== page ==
It was Greg, who suggested that we form a book reading club. Our first book was one I had heard about, but never read – The Data Warehouse Toolkit: The Definitive Guide to Dimensional Modeling By Ralph Kimball. As a business analyst, I had leaned heavily on Excel, along with a mishmash of other technologies. Data warehouse and data modeling didn’t seem like topics that would be relevant to me; more for an IT/BI team perhaps. But I figured, it couldn’t hurt to learn something new.
Our book club meetings looked more as if, class was in session. We brought in our questions, and Greg patiently answered them, helping us realize the importance of the topics, and trade-offs involved in various choices. As things go, our reading club was disbanded before we were even halfway through the book. But the knowledge that I had gained, helped me grow by leaps and bounds in my Power Pivot and Power BI journey.
Kimball-style fact-dimensional modeling remains a brilliant solution.
This post investigated two potential workarounds to either buy you time before changing your existing
IDENTITYcolumn, or abandoning
IDENTITYaltogether right now in favor of a
SEQUENCE. If neither of these workarounds are acceptable to you, please watch for part 4, where we’ll tackle this problem head-on.
This is your weekly reminder to plan for appropriate data sizes.
For my contribution to this contest I’ve decided to share with you a work in progress. If you know me, I’m a huge lover of Policy-Based Management. In fact, I’m actually part of the Enterprise Policy Management Framework (EPMF) project on Codeplex. T-SQL Tuesday event is normally a DBA-centric event so I figured I’d help the DBA crowd wrap their heads around how a BI solution can help them in their day to day.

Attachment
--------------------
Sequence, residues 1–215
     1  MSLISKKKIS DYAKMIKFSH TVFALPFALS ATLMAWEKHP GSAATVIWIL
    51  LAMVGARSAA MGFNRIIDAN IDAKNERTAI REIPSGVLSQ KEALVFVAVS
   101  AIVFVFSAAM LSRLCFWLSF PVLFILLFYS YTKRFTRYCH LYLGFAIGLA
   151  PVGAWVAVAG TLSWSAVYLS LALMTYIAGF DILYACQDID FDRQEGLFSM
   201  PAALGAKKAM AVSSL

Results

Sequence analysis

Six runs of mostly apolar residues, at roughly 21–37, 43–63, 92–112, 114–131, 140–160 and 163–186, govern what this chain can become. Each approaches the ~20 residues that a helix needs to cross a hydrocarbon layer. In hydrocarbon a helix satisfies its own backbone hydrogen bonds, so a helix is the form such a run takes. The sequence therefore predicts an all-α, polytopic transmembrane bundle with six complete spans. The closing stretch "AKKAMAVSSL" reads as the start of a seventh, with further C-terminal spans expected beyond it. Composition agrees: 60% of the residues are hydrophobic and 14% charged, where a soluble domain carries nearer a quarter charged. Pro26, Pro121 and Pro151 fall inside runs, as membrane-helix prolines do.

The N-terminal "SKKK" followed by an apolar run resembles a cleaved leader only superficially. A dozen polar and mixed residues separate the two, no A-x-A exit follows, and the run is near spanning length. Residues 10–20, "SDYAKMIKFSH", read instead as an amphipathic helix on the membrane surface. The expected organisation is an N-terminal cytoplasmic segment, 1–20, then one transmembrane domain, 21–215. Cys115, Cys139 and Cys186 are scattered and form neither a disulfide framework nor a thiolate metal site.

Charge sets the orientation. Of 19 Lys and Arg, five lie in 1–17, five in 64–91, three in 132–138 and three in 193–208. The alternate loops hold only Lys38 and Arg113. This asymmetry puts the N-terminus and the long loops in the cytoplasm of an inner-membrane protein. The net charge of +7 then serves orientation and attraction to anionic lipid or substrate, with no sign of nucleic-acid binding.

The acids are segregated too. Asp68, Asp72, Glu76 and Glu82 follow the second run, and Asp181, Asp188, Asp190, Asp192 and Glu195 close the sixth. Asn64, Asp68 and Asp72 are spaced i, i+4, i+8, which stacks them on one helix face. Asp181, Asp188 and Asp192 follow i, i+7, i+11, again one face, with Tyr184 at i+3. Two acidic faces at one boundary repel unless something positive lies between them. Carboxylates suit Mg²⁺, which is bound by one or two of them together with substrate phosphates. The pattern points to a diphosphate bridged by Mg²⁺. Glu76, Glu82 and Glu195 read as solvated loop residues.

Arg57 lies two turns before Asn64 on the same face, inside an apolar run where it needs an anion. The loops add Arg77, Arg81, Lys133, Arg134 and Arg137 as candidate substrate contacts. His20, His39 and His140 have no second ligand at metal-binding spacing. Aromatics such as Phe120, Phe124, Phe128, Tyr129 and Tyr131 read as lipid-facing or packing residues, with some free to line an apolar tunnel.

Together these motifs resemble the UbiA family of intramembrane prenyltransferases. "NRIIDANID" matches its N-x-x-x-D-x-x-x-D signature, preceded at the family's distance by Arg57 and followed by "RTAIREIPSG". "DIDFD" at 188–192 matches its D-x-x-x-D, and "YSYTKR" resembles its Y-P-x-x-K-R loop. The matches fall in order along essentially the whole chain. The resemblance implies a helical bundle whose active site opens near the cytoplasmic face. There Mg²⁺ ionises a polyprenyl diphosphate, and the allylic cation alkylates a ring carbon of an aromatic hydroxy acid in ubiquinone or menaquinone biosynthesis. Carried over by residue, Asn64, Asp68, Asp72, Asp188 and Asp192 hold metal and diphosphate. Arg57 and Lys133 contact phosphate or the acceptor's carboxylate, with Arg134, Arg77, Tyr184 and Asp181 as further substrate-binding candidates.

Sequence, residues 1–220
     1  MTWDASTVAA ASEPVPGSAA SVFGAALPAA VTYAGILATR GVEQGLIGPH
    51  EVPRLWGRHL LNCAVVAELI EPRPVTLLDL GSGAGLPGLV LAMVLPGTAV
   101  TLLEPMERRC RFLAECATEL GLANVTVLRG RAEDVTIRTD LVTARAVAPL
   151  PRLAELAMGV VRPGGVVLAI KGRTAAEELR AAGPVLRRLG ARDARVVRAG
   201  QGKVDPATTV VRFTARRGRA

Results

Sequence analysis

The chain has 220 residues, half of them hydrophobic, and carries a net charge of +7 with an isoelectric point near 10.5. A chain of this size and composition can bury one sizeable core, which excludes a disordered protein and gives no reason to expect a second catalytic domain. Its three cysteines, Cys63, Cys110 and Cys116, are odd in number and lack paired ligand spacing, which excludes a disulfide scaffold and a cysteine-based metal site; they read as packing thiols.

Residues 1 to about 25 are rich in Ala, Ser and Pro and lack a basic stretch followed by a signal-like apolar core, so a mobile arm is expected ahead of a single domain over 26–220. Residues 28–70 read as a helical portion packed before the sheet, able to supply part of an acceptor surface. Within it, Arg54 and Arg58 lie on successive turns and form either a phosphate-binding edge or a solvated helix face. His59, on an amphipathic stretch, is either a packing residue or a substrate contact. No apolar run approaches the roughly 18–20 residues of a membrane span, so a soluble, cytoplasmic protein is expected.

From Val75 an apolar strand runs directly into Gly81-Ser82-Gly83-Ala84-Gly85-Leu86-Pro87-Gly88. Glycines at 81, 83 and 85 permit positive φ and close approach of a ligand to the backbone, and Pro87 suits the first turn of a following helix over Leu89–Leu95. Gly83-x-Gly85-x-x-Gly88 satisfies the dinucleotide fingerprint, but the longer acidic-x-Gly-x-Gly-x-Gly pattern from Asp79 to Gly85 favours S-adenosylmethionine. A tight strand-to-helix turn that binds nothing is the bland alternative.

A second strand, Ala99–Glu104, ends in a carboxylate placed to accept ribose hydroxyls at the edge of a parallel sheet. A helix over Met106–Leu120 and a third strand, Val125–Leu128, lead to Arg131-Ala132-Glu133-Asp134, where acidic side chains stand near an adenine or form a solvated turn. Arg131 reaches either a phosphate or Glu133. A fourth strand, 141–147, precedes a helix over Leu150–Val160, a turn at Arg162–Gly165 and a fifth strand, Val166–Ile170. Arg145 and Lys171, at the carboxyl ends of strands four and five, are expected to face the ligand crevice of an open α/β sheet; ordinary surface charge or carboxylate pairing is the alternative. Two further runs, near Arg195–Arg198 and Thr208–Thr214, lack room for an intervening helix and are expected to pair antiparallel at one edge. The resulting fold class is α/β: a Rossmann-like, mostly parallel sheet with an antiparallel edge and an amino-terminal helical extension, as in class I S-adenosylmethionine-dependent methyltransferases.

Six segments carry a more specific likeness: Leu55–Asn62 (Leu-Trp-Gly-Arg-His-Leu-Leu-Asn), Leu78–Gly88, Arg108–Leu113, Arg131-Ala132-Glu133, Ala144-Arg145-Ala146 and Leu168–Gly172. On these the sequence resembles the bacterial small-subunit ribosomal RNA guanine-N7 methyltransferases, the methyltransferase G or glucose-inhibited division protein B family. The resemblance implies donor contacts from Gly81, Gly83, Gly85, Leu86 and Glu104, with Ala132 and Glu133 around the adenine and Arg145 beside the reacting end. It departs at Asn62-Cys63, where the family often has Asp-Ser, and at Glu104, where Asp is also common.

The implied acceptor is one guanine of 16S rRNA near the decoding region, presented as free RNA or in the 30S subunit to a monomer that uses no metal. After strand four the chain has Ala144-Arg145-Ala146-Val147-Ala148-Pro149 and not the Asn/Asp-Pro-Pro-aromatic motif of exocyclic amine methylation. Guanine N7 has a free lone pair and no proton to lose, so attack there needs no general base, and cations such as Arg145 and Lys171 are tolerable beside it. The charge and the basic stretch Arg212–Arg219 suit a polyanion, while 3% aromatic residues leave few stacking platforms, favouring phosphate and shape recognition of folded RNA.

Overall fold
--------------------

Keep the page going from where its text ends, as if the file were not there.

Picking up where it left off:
What I did to kick start this effort was to create this Power BI report that allows you to explore the database repository that contains the EPMF policy evaluation results. The current EPMF project uses Reporting Services to deliver its reports. This won’t change. If anything I’ll be exploring new capabilities with SQL Server 2016 and R-integration. Here’s a screenshot of what the SSRS dashboard report looks like:
I like this post because most Power BI examples tend to be personal (Fitbit stats, etc.) or business-y. This is a good example of a use of Power BI for back-office database administrators.
Medians as a concept are simple enough. If you have a large number of values, like a range of statistical values, you want to pick the middle one. The median, as opposed to the average is useful for a number of reasons, one of them that you can reduce the effect of so-called outlier values.
The fact that SQL Server doesn’t have a fast, built-in median function surprises me, to be honest. The best alternative I’ve found was a CLR function in SQL#.
In a recent blog post entitled Is Logical Data Modeling Dead?, Karen Lopez (b | t) comments on the trends in the data modeling discipline and shares her own processes and preferences for logical data modeling (LDM). Her key point is that LDMs are on the decline primarily because they (and their creators) have failed to adapt to changing development processes and trends.
I love all things data modeling. I found data models to be a soothing and reassuring roadmap that underpinned the requirements analysis and spec writing of the Dev team, as well as a supremely informative artifact of the Dev process which I would constantly refer to when writing new T-SQL code and performing maintenance. However, as time has passed, I have been surprised by how far it has fallen out of favor.
This is an interesting discussion. I’m not sure I’ve ever created a true logical data model. I’ve worked with systems which could potentially take advantage of them, but they never hit the top of the priority list.